Beijing’s insistence on the national security laws and its procrastination over universal suffrage are only the most important indicators of how Hong Kong is being slowly eased into the slipstream of mainland-style governance.  There are many more.[2] But since no one in Hong Kong is ready to speak openly about the implications, it is not surprising that international public opinion continues to champion the success of one-country, two-systems as if it were a permanent solution instead of only a passing phase.  Still, unlike outsiders, no one in Hong Kong promotes that formula as a solution for Tibet because everyone understands that Tibet had the equivalent of a Basic Law transition period in the 1950s and its endgame was full integration.

There seem to be two basic explanations for Hong Kong’s reticence depending on whether interviewees are pro-Beijing partisans or pan-democrats, as the two main political camps are known locally.  Partisans are actually happy to acknowledge the intended endgame, but only in private conversation. The time is not right for more, they say, no Chinese-language newspaper would touch it, and so on.  Everyone else is thus left to ponder what the official Beijing commentator meant when he wrote that the 2017-2020 years were an appropriate time to introduce universal suffrage because they marked the mid-way point in Hong Kong’s 50-year transition.  Transition to what has yet to be officially addressed by anyone.

Hong Kong democrats, meaning those committed to Western-style assumptions about civil rights and freedoms, are a mixed lot.  Only one group, the League of Social Democrats (LSD), is daring enough to challenge openly some partisan leaders about their probable CCP membership.  But even League members are still not connecting the dots along a 2047 trajectory.  Other democrats, when asked why they hesitate to discuss the future, temporize and prevaricate with comments like “I agree … we should … maybe later,” or the favorite “maybe something will happen,” meaning something to preempt the  ending they would rather not contemplate.  Then when Hong Kongers turn out to give democratic candidates 60% of all votes cast, as they did again in last September’s Legislative Council election, democratic commentators congratulate voters for their “subliminal” grasp of the issues.  Had these been addressed directly, democrats’ success rate would doubtless have been even higher, as suggested by the LSD’s unexpected gains.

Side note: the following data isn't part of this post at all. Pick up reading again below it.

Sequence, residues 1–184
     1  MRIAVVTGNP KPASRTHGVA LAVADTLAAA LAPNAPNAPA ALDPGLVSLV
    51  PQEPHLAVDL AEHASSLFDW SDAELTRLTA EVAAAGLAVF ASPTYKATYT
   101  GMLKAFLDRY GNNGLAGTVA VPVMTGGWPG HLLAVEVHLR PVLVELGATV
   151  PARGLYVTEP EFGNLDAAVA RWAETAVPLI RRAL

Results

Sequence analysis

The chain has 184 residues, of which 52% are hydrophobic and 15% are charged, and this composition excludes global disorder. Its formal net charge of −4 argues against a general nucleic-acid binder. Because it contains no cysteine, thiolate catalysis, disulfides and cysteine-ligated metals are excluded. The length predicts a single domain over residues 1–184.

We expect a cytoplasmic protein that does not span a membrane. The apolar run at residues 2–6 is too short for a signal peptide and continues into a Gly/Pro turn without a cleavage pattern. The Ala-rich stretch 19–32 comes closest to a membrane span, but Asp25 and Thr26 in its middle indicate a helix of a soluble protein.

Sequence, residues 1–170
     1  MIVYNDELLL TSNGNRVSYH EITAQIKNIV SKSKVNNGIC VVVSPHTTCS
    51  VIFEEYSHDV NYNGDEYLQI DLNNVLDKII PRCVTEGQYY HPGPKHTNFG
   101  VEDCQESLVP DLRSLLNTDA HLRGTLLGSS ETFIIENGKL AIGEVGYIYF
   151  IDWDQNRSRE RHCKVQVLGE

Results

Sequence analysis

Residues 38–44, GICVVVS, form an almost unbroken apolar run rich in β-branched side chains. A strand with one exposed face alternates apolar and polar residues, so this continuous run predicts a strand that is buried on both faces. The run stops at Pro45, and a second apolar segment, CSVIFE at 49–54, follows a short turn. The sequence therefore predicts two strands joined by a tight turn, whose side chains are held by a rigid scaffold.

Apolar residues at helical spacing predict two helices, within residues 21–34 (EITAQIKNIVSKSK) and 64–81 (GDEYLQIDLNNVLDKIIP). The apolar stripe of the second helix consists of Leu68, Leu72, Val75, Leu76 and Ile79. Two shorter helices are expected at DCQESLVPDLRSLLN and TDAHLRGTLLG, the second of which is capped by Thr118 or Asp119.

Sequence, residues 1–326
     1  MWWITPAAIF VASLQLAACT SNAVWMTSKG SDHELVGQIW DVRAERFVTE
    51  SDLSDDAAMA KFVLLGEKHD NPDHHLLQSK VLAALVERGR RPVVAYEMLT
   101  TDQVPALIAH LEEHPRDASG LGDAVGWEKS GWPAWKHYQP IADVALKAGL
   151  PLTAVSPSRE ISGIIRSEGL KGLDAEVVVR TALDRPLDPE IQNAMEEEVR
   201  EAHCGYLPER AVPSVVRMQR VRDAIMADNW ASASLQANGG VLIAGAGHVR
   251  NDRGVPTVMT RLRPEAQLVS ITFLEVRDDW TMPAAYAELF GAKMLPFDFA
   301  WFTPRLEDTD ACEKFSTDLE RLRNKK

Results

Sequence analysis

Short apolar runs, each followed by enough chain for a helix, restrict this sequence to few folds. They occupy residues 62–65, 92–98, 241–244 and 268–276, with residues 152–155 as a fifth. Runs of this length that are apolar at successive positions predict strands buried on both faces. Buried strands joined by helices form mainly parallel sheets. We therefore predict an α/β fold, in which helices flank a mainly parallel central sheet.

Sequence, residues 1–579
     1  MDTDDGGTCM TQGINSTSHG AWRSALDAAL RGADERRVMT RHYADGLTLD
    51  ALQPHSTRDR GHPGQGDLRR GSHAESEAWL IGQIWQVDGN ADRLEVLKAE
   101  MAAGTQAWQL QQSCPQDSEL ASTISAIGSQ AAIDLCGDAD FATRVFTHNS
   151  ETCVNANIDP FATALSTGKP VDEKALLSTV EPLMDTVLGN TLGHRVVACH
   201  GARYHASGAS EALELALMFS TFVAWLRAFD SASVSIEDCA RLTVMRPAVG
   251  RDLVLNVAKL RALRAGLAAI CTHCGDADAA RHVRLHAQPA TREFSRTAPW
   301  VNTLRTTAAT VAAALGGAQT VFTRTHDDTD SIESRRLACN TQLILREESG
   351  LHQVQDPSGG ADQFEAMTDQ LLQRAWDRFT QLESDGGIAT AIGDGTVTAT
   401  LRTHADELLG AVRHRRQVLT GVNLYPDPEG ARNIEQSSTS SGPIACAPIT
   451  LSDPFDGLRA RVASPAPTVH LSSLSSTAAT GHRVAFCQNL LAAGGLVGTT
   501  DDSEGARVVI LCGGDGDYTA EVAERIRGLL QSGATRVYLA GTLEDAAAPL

Everyone is obviously hoping to finesse an easy ending.  But that can only happen given one or the other of two unlikely contingencies:   either Hong Kong’s politicized majority must abandon its attachment to a “way of life” that was supposed to remain unchanged for 50 years; or Beijing will have to re-think its insistence on a one-size-fits-all form of CCP-led governance and allow local political life to continue indefinitely.  All things considered, expecting Hong Kong to quietly join the nation as it is now, instead of being allowed to stand as an example of what it can become, is to wish for the least likely of all possible scenarios.

SP is an independent Hong Kong-based American writer.

[1] Ministry of Foreign Affairs, PRC, “Facts about a Few Important Aspects of Sino-British Talks on 1994/95 Electoral Arrangement in Hong Kong,” text, China Daily, March 1, 1994; also, Renmin ribao, haiwai [People’s Daily, overseas edition], Beijing, March 18, 1993.

[2] For a fuller account, see, S. Pepper, “Two Systems Becoming One:  The 2047 Timetable,” in China’s Hong Kong Transformed, Ming K Chan, ed.  (Hong Kong:  City University Press, 2008), pp.113-151.